When the live-service intentions of this game were first revealed around 2017, it was an instant turn off for a large majority of Dragon Age fans – even those that enjoyed the multiplayer component of Dragon Age: Inquisition. Over the next few years there we rumours circulating of different iterations of Dragon Age, at one point it was even revealed that the new game would be more of a heist-focused game set in the Tevinter Imperium, but after the leaks in February it is now widely assumed that Dragon Age: Dreadwolf has once more switched focus to imitate another popular game – Assassin’s Creed.
The problem here is that none of this is what Dragon Age fans want or need, but furthermore, there is little need for any more games trying to emulate Assassin’s Creed’s recent rebirth. All of this means that the existing Dragon Age fan base are now more likely to bypass Dreadwolf until they see some positive reviews, and potential new players are unlikely to pick the game up if it is indistinguishable from other, less troubled games.
Further to that point, the recent success of Baldur’s Gate 3, and indeed a recent resurgence in interest for RPG’s in general, kind of shows that all of these changes being made to the Dragon Age formula were unnecessary. In the current gaming landscape, gamers are pining for exactly the type of game that Dragon Age used to be: deep, party driven games with interesting characters, unique settings, and gameplay that rewards tactical thinking. There are more than enough fantasy-action games on the market right now, and I fear that in trying to emulate the success of these games, Dragon Age: Dreadwolf has ultimately created a rod for its own back.
What is the Future of Mass Effect?
The issues with Dreadwolf will more than likely have a knock on effect for the next Mass Effect game, which was announced in 2020 and is still in the pre-production phase nearly 4 years later.
BioWare are no longer the proven entity they once were, and as such it is unlikely that the team will even begin full-production on the next Mass Effect game until Dragon Age: Dreadwolf is completely finished- and that problem will be further exacerbated by the recent layoffs.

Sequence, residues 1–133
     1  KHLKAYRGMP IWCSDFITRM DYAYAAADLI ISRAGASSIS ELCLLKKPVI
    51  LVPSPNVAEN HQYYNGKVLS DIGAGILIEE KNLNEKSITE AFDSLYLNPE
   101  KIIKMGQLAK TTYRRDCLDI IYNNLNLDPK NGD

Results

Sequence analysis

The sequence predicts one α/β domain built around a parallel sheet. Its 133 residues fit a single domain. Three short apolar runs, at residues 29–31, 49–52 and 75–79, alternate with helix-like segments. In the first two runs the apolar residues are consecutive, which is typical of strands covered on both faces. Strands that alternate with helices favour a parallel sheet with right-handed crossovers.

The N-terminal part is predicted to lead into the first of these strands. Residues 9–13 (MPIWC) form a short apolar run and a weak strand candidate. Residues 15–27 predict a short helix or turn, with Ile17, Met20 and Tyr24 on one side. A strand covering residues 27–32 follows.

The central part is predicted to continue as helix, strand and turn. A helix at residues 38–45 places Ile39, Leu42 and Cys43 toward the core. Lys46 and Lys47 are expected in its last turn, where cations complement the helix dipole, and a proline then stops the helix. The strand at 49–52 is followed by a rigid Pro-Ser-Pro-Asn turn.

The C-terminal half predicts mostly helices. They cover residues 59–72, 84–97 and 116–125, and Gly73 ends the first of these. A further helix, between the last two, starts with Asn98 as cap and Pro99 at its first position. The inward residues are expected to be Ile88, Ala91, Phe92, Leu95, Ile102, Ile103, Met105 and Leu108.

Once more, this circles back to the problem of developers announcing games far too early. Of course, there are other motivations to announcing games early; such as renewing interest from investors and securing financial backing for games not yet in development, but this practice almost speaks to the hubris of game development companies. In announcing games too early, they may renew interest in old franchises and secure additional funds, but they also make things more difficult for themselves by unnecessarily building hype-over-time for their next release – which may potentially damage the final product if expectations run too high.
There is no telling exactly when the next Mass Effect game will arrive, but I personally won’t expect it any earlier than 2030.
BioWare are in an awfully precarious position right now, both in terms of the strength of their development team, and the high stakes surrounding the next Dragon Age game.
After their colossal and well documented failures with Mass Effect: Andromeda and Anthem, and the highly-publicised development cycle of Dreadwolf, the pressure is truly on for BioWare to produce a game that will satisfy new and old fans alike.
I hope that the recent layoffs lead to bigger and better things for the affected staff, because by the sounds of it, BioWare have just said goodbye to some truly incredible talent.